A perfect and universal factory doesn’t exist—if it did, the entire industry would be trying to put all of their business there—but there are many factories that are very good at certain things. Our goal is to best balance those strengths to provide the most value to our clients and meet their business needs.

What keeps you up at night?

As a company that produces for markets around the world, including the U.S., Europe and Asia, the increasing regulation of the industry has become challenging. Not in terms of why the regulations exist, but in terms of staying on top of all the nuances of each regulation, the differences between markets, and all the administrative tasks required to ensure proper data management and provenance. In the last year, we shifted our focus toward digital traceability and gaining supply chain buy-in. We feel it’s our job within the supply chain to lead by example, and our hope is we can encourage and bring our value chain partners along on the journey—everyone from raw material suppliers, to brands and retailers, to third-party authenticators.

What makes you most optimistic?

One positive outcome from Covid has been that the industry reached a point where innovation is mandatory. The last few years have exposed massive stress points for everyone to the level where they can’t be ignored. Consumer expectations and shopping behaviors, regulations and technology have changed—the supply chain needs to change as well. Now is the time to innovate, and many are. Whether it’s new distribution models, new supply chain management systems, social or environmental sourcing strategies, or cross-industry partnerships, the industry seems to have recognized the need for innovation. Retail is evolving for the better, and it’s a very exciting time to be in the business!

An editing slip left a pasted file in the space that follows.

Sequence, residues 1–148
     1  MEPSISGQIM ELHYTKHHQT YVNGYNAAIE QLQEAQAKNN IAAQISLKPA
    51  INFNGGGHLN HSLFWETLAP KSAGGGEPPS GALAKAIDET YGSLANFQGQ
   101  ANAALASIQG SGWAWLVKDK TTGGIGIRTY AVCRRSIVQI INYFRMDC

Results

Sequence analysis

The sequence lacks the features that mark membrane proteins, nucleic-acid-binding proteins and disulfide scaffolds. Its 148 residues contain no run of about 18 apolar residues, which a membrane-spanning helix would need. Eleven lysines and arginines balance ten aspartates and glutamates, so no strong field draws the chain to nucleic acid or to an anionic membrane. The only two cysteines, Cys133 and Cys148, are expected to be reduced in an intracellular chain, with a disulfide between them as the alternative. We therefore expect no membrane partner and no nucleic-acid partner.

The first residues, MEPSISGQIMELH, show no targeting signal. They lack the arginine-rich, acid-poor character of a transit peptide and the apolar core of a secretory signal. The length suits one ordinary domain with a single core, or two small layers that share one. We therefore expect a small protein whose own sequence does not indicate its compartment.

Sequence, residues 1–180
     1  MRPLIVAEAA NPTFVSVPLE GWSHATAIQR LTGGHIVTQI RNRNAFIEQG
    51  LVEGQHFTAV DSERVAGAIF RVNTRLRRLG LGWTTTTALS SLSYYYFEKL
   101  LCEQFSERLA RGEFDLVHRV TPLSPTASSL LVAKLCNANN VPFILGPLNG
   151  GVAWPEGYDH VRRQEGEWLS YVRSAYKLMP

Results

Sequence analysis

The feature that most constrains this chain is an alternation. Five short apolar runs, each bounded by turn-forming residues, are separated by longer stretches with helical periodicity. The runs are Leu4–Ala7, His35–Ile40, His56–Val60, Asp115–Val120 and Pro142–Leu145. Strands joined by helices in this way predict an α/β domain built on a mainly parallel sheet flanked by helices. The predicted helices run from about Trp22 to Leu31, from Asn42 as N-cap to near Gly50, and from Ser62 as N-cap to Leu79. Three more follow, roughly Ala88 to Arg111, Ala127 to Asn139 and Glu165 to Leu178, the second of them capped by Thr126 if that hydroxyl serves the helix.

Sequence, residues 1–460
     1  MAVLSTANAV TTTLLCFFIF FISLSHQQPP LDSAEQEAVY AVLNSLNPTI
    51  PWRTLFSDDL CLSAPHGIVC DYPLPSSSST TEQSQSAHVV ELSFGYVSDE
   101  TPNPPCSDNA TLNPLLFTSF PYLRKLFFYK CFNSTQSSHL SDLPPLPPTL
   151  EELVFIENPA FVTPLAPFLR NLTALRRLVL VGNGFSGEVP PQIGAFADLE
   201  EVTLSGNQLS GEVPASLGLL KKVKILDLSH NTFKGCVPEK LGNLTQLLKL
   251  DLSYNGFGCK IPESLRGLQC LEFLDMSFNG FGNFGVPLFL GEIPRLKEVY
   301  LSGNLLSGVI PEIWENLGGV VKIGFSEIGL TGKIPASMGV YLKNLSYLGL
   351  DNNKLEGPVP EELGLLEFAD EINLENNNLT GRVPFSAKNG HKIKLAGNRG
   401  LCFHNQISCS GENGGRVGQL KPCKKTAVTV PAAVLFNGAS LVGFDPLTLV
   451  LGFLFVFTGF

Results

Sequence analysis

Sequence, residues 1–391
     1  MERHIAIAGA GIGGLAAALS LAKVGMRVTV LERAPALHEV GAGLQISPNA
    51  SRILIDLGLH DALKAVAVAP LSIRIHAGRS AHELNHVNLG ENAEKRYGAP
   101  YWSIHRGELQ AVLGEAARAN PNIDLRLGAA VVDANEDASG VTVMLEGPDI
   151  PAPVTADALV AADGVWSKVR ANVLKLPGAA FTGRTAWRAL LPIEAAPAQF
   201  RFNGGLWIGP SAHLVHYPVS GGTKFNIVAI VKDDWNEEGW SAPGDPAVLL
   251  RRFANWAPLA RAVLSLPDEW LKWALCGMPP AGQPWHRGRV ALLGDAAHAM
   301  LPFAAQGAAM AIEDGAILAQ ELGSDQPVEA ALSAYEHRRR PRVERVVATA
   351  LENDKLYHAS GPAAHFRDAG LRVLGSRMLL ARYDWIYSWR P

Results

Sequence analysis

What’s in store for Décor Global for the rest of this year and into 2023?

For the past few years, we have been prioritizing and building our ESG strategy. As we look into 2023, we will continue to focus on driving results within those three pillars.

In environmental, we established Scope 1 and 2 science-based emission targets through SBTi in 2022 and are working to map out Scope 3 emission targets in 2023, with a goal to publish them later in the year.

As a signatory and global council member of the Social and Labor Convergence Program (SLCP), we are collaborating with the other stakeholders to improve working conditions in the industry and reduce audit fatigue through standardized audit schemes.

We have worked with Retraced, an innovative traceability platform, to pilot digital traceability for some of our U.S. business. Our goal is to continue expanding this digital traceability capability in 2023 and onwards.